Citrus sits especially well with me during the holidays. As does canning. The obvious next step: Moroccan Salt-Preserved lemons. After consulting recipes from Anthony Bourdain, David Lebovitz, and Epicurious, I dove into a slightly modified version of their useful recipes (yes to cinnamon and cloves; skip the bay leaves and black peppercorns), and then waited 30 days before presenting them to my curious holiday party hostesses and colleagues. What does one do with salt-preserved lemons? I steep them in hot water with a bit of honey and make tea, but they’re traditionally used in Moroccan tangines, and I imagine they’d make a delicious accompaniment to extra-sharp cheeses, too. It’s times like these that I envy those out in California. Remember this?
30 days after sealing, the lemons have softened
What’s the best organic-matter gift one can smuggle in from Amsterdam? Tulip bulbs from the floating flower market, no doubt. These are going in the ground today, and because I’m not sure what variety they are (maybe parrot?), I’m already looking forward being surprised in the spring. Thank you, FK!
homegrown and handmade
In my ongoing effort to use all of summer’s mint before winter gets it, I dried a bunch and rigged two dozen tea bags. Hang the mint upside down for two weeks. Then, when it’s so dry it crumbles, bundle 2 tbsp-doses in double-layered, extra-fine cheesecloth, and secure the pouches with kitchen twine.
1940's lloyd's of susses boardwalk high-back metal chairs, $600 each
Factory20.com is an online antiques resource based in Sterling, VA that stocks an incredible range of good, old things. They’re expensive, but judging by the looks of the site, I suspect they’re in excellent condition (or, if scuffed, scuffed in all the right places). Inquire and purchase via email, and Eric, who runs the place, will deliver your furtinure when he’s next in NYC.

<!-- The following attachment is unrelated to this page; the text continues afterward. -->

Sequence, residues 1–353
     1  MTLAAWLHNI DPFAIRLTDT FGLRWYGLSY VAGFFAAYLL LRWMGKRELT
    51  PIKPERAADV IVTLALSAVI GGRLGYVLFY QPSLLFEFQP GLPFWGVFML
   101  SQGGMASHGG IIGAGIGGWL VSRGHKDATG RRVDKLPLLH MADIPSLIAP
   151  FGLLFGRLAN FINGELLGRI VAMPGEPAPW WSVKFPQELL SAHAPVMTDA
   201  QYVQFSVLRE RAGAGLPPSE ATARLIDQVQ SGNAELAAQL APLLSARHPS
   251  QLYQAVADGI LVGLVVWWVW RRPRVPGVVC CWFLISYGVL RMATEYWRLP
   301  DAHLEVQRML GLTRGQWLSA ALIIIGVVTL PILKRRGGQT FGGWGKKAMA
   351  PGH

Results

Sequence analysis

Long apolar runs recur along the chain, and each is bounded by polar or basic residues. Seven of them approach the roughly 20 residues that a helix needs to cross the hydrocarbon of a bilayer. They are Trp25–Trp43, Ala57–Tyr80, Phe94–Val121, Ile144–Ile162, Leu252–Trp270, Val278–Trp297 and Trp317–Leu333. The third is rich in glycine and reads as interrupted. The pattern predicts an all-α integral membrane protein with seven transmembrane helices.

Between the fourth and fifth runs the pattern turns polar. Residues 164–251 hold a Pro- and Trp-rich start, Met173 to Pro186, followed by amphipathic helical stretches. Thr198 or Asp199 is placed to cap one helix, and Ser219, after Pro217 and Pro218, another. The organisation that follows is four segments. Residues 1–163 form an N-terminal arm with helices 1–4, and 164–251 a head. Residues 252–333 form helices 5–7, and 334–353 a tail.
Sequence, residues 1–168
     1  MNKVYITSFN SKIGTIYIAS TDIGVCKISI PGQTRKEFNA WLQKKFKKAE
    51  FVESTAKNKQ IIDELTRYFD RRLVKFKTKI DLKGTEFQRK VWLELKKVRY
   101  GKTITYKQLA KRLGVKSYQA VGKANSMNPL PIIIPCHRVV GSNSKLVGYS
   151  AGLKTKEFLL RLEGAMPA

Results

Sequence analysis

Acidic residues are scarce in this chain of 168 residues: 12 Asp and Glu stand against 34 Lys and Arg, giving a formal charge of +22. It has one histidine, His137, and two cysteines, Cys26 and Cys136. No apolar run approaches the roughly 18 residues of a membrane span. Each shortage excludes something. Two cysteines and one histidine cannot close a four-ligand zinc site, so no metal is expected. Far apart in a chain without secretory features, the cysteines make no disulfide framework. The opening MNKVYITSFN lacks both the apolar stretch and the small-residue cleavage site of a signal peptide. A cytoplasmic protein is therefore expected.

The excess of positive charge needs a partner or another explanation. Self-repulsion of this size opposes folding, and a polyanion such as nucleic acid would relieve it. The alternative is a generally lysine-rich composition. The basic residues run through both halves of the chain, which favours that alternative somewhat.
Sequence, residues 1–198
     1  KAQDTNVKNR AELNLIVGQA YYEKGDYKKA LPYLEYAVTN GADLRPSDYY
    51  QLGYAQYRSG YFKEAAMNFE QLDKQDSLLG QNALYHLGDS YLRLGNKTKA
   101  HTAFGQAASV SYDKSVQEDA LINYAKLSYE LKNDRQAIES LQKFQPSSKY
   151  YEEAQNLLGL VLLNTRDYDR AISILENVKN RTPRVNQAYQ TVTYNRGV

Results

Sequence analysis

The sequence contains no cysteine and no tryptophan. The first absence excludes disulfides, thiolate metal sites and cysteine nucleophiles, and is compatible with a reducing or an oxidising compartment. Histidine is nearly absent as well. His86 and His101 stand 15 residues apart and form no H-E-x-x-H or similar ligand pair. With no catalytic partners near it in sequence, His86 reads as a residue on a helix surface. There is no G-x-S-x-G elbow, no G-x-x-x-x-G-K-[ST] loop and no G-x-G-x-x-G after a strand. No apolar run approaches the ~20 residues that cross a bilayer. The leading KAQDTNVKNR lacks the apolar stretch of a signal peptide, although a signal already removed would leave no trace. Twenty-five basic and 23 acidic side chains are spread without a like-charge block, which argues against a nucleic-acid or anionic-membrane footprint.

early 1900's french ladies writing table, $900
1890's art nouveau mahogany side table, $1,600
dutch flaring spindle chairs, $780/pair
vintage buoys, $55 each
vintage bread crate of architectural hooks, $175
a must-see in the marais
Last week I went to Paris on whim for reasons entirely un-food-related, but my favorite find there was Izrael, a specialty spice market in the Marais off the St. Paul stop on Metro line 1. My god, what glorious edibles they have in this shop:
I bought black sel, and smokey sel, and fleur de sel in beautiful glass vials. I bought long peppercorns that look like stretched acorns. I bought violet-seasoned sugar pieces that resemble chunks of amethyst for DW. And dried button roses for cake decorating. Had I had a few more days in Paris to consume them, I would have bought bags of the stores dried fruits and deserts, too.
coming to you from austin, tx
Down in Austin, TX Lucas Brower and Jesse Kamm have started a genius company making and delivering Home Grow Micro Farms––self-watering garden boxes that yield a variety of seasonal, organic vegetables over the course of 3 months.
It works like this: You pick a box from their site’s monthly planning menu (in November, for example, you have a choice between 4 boxes; one’s filled with salad greens, another has beets and Chinese cabbage, etc.), then order it online, or by phone. Brower and Kamm deliver your box in their veggie oil-powered car, and do all of the installing for you (you need only to provide them with an outdoor water spigot, or, maybe you collect rainwater, and would prefer to hook it up to your well? Even better.). Give your box a lot of sun and reasonable TLC, and in approximately 30 days it will be ready for harvest.
Then, when 3 months has passed and you’ve eaten through your Micro Farm, Brower and Kamm will come collect the exhausted box and replace it with a newly seeded one. 1 box is only $30/month! Get your rotation right (i.e. have a new box returned and delivered every month), and you’ll have fresh, seasonal vegetables everyday, year-round.
Really, it’s so easy. It waters itself. It’s already seeded. It’s harvest without the hassle. And home-grown without a required green thumb. Get in touch with Brower here.
on sale in utility green, $49.99
Guys, I bought this jacket at full price ($98) early in the summer. It is perfect, and even more perfect on sale for $50. Don’t ask me how I know, but cargo jackets like these are going to be very popular very soon (OK, anyone who’s spent enough time on style.com can tell you that), but you have my word. If army-green’s not your thing, it comes in camp yellow, too.